Innovative Business Jr. – These cideries mix their creativity with business and they have big plans.  They bring to the table the artisan flare and start to use words like raw materials yet may not have an inventory management system in place.   Although they buy in large quantities they still won’t compromise quality which is why they don’t have a problem sourcing their apples from the state next door.   These guys sit around a table and say, “what about jalapeño and smoked wood?” And the next thing you know they are in a tap takeover at the local brewery with that new cider.  It’s also possible that the new cider may never hit the shelves in a bottle or can. They may have the occasional gap in their production because they aren’t quite 100% dialed in on the business side. You’ll find them in local and regional grocery stores and at the local farmers market and brewfests. They make real cider.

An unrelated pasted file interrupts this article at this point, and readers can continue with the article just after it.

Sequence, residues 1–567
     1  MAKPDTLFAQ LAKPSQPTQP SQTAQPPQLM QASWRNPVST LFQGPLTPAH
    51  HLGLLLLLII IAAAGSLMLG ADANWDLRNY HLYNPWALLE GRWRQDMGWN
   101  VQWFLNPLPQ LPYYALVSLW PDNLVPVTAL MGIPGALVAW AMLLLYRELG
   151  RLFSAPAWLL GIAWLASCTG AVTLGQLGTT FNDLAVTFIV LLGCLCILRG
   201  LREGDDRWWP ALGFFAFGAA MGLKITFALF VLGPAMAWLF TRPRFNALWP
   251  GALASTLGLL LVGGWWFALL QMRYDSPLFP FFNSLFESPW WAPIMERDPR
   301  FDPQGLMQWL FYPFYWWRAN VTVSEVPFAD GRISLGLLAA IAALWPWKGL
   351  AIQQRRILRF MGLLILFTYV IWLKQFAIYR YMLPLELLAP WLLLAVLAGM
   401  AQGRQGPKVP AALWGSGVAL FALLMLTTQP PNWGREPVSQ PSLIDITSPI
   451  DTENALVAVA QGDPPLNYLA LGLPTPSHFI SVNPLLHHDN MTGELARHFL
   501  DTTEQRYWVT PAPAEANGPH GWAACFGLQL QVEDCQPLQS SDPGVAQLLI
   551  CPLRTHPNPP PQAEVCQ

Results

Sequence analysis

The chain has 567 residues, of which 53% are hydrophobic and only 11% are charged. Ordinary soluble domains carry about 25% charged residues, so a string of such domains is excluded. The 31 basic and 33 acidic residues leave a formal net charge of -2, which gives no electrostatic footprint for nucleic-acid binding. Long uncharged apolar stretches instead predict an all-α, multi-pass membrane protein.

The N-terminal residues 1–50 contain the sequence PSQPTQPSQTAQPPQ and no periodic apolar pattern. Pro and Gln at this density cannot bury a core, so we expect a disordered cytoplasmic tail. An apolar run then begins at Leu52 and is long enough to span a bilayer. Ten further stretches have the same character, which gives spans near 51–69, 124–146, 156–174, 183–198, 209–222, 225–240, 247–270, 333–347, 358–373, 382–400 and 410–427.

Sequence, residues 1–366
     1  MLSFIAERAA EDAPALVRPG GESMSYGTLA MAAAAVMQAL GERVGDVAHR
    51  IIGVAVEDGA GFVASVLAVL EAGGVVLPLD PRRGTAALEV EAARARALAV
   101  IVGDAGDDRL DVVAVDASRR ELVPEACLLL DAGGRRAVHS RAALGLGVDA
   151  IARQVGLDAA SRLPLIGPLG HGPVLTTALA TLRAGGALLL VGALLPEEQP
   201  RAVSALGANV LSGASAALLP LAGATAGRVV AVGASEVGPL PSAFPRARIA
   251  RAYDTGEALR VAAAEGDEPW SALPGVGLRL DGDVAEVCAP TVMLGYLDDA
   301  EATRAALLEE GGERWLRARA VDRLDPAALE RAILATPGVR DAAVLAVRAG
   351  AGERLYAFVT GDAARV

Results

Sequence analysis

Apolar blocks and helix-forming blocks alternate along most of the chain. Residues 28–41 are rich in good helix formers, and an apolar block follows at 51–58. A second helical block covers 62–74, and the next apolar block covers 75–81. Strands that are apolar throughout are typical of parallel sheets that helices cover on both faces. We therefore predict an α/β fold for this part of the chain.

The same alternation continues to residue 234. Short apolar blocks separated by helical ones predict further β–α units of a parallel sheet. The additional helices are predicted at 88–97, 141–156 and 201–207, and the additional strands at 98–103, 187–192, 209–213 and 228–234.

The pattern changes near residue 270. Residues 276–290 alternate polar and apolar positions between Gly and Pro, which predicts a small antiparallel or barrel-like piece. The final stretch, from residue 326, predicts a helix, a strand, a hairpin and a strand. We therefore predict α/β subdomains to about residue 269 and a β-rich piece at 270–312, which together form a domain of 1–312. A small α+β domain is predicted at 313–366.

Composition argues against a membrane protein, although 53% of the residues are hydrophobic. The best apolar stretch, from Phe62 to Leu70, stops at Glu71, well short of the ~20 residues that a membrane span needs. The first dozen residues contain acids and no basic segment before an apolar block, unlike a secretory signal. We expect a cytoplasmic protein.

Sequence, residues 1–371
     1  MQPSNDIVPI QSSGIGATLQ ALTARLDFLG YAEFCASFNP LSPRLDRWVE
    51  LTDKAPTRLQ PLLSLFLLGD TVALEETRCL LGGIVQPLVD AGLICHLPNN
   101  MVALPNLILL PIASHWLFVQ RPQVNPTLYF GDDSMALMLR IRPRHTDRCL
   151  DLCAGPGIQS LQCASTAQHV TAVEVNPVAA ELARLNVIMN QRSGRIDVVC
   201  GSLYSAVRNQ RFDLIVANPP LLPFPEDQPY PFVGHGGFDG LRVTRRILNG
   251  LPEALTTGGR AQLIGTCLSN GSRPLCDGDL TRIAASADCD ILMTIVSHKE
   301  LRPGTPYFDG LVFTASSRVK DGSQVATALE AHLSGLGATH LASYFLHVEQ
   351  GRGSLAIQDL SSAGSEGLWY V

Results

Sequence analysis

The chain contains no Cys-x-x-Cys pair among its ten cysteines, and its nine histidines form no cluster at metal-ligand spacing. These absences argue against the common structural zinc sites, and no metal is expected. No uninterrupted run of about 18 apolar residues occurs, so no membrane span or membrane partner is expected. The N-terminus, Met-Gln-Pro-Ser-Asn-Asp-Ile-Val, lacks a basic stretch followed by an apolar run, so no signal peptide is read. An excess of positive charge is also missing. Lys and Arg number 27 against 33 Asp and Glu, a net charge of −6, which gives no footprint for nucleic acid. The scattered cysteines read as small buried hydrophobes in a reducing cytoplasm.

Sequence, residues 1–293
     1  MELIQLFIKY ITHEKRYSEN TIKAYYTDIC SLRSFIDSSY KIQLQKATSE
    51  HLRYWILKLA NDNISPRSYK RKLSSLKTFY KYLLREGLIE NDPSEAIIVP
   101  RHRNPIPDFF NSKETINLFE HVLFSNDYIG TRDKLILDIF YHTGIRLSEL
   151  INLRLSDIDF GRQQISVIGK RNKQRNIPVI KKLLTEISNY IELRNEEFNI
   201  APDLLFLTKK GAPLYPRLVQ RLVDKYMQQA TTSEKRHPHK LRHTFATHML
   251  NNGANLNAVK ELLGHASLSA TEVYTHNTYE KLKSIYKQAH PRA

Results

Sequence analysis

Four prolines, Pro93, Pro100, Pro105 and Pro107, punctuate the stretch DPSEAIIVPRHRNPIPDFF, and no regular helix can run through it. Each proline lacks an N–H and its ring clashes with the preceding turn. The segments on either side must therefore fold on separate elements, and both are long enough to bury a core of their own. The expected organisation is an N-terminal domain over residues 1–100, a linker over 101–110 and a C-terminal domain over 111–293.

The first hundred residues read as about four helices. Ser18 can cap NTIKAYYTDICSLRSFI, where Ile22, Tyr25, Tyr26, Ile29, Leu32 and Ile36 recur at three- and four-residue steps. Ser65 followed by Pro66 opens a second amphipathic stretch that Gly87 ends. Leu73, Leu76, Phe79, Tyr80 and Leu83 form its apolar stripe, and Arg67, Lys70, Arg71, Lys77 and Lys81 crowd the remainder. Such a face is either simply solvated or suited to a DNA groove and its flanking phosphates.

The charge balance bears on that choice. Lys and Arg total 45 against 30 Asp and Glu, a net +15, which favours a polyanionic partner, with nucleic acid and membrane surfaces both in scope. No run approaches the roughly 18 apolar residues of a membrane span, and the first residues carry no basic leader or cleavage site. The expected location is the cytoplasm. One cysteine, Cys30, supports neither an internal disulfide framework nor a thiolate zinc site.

Investories (I just made up that word) – these makers of real cider are taking their expendable income and reinvesting because the business of cider is good and they have always wanted to “make” something beyond money. They are prepared to buy a prospero bottling line because they can but may have no understanding of how to penetrate sales in a state like Michigan where loyalty to local is stronger than titanium. They may pay to play and can withstand a couple of years in the red without losing sleep. They make real cider.